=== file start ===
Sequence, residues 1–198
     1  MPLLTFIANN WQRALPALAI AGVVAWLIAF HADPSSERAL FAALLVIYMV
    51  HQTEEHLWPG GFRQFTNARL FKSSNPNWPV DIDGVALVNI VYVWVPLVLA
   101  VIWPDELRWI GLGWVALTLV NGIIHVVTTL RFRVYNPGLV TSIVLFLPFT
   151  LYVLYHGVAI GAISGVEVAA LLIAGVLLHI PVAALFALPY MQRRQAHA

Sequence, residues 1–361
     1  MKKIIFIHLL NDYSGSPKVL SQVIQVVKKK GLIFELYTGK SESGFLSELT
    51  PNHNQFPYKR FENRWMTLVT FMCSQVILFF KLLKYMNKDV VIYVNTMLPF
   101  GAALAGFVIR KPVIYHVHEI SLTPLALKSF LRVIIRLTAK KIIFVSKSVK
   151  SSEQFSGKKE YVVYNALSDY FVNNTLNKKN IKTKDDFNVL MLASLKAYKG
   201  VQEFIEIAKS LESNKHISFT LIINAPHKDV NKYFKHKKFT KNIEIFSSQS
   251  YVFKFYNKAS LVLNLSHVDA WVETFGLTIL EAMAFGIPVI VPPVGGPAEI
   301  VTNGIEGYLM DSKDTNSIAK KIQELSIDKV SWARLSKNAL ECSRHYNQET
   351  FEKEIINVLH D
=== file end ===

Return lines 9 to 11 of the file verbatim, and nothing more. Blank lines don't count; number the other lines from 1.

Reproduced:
   101  GAALAGFVIR KPVIYHVHEI SLTPLALKSF LRVIIRLTAK KIIFVSKSVK
   151  SSEQFSGKKE YVVYNALSDY FVNNTLNKKN IKTKDDFNVL MLASLKAYKG
   201  VQEFIEIAKS LESNKHISFT LIINAPHKDV NKYFKHKKFT KNIEIFSSQS